Mon amie américaine by Michèle Halberstadt, trans. by Bruce Benderson

In a long letter to a friend in a coma, a Parisian woman meditates on friendship.

mon amie

Parisian Michèle and New Yorker Molly have been friends for many years. As colleagues in the film industry, they travel together, and talk on the phone nearly daily–until, at 40, Molly collapses in her office and becomes comatose. Michèle Halberstadt’s (The Pianist in the Dark) novel Mon Amie Américaine takes the form of a long letter Michèle writes to Molly, in lieu of speaking, because “The words I can’t share with you are choking me.” As Molly remains unresponsive, uncomfortable truths are revealed behind a presumably lifelong friendship.

Michèle’s letter acts as a diary, an account of her experience of Molly’s near death: getting the news; tracking her friend’s progress (or lack thereof); being forbidden to visit; and finally, after Molly awakens several months later, discovering a different person from the one she’s missed. The new Molly is hesitant, frightened and languid where the old one was a high-powered businesswoman, vibrant and fun. Meanwhile, Michèle suffers injuries in her own life, with no Molly to turn to.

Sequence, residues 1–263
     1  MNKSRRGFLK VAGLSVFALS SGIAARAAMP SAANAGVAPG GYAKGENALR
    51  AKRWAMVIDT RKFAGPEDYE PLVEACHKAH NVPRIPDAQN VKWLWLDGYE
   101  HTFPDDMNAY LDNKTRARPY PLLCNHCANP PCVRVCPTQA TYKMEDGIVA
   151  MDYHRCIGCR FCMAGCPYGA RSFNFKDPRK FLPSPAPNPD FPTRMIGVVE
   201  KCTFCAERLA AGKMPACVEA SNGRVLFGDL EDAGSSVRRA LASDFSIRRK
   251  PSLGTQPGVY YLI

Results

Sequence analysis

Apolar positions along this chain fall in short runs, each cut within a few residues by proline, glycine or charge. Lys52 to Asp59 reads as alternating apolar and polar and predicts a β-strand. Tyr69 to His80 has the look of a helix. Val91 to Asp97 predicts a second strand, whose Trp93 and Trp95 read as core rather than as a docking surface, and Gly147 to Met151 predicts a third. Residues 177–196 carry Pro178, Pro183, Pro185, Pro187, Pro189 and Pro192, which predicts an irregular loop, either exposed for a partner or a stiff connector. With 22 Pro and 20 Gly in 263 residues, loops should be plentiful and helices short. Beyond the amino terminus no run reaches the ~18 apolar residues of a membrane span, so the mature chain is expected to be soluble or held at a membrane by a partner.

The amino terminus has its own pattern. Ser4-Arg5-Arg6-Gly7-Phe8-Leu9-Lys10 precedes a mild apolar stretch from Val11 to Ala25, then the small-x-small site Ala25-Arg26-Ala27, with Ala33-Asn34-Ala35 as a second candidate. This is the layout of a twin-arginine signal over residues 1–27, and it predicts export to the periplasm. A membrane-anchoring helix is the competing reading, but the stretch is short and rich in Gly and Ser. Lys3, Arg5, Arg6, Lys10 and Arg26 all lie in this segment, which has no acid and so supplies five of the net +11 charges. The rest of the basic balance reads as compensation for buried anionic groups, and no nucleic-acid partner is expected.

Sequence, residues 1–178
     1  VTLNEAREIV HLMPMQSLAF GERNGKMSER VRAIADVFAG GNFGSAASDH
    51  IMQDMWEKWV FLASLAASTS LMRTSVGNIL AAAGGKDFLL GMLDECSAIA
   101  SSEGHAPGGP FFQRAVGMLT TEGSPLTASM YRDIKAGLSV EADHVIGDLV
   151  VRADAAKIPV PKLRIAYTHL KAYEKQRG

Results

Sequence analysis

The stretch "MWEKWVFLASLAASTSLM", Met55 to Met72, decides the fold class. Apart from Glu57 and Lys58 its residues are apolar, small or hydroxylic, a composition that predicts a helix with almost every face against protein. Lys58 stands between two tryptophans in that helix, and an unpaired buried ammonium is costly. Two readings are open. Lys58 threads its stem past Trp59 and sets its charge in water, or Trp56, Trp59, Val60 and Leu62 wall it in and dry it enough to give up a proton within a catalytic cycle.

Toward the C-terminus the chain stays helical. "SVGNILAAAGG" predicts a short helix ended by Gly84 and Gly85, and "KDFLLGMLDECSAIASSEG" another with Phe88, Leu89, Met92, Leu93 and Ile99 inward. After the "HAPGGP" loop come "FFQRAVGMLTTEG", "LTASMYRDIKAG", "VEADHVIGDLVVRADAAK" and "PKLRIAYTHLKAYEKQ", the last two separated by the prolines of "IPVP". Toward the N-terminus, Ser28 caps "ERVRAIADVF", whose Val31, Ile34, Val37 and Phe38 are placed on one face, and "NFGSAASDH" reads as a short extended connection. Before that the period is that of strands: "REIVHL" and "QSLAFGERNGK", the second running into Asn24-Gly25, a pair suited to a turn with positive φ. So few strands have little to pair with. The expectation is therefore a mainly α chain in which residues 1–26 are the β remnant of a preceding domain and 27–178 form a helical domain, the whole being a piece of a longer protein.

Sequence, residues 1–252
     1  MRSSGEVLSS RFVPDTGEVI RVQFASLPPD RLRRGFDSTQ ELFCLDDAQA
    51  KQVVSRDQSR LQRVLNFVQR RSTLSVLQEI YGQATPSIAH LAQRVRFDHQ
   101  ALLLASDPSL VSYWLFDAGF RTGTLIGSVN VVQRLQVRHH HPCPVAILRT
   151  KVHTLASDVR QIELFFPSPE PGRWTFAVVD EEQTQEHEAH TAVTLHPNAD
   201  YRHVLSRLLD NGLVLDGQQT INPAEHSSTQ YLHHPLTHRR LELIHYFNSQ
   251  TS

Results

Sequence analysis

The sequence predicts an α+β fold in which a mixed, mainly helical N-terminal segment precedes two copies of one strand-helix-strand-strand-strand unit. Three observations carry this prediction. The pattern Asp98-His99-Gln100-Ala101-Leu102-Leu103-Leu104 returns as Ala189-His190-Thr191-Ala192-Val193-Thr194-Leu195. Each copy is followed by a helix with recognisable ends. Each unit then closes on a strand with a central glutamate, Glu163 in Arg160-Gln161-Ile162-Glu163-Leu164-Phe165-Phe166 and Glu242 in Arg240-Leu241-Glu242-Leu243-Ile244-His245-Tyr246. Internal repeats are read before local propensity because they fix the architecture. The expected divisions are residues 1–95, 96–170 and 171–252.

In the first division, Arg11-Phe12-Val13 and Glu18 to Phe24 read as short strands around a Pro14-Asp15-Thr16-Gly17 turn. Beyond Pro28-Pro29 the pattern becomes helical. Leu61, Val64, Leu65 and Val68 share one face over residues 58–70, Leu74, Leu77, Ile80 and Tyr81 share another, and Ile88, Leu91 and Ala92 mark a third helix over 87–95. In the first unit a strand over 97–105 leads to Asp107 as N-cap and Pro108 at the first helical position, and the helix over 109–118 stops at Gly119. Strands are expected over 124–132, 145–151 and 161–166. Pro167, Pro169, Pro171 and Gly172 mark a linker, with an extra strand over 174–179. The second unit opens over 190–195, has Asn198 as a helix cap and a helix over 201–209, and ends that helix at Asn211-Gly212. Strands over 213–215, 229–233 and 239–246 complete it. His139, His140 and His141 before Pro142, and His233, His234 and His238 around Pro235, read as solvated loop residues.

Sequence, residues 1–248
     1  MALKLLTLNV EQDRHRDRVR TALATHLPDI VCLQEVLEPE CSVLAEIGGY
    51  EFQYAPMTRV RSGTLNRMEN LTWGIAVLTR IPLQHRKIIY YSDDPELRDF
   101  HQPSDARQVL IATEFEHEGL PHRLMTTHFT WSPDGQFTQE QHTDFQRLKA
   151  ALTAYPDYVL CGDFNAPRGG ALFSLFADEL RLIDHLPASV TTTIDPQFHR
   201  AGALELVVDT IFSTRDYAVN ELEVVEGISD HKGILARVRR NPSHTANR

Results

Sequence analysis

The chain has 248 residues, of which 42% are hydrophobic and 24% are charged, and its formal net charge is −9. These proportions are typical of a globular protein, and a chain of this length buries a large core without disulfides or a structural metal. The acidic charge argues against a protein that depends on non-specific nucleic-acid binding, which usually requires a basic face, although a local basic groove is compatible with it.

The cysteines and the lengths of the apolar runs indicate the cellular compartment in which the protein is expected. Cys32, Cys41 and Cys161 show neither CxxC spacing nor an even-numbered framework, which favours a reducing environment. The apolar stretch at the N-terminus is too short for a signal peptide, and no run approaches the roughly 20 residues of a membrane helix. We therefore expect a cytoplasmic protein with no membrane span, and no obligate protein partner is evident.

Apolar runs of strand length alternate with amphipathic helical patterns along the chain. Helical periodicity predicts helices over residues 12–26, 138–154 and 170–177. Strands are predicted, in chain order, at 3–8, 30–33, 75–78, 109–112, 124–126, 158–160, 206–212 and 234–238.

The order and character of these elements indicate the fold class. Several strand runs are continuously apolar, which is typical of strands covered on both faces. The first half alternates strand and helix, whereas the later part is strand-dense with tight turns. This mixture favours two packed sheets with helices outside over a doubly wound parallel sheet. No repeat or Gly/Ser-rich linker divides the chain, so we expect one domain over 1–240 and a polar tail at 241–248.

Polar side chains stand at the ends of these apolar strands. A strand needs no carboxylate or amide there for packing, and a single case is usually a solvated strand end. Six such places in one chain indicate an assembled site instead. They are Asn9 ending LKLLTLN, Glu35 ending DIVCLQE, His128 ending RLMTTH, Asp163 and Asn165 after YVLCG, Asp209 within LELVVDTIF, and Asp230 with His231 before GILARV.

Bruce Benderson’s translation from the French is melodic and evokes fluent but accented English, exactly as the reader expects Michèle to sound. Her tone ranges from elegiac to loving to frustrated (“How many times in the last ten years have I repeated you ought to see a specialist”) to self-pitying and to resigned. This love letter to friendship ends by considering what we are willing to do for those we love, and what obstacles even friendship may be unable to overcome.

This review originally ran in the April 22, 2016 issue of Shelf Awareness for Readers. To subscribe, click here, and you’ll receive two issues per week of book reviews and other bookish news.

Rating: 7 phone messages.

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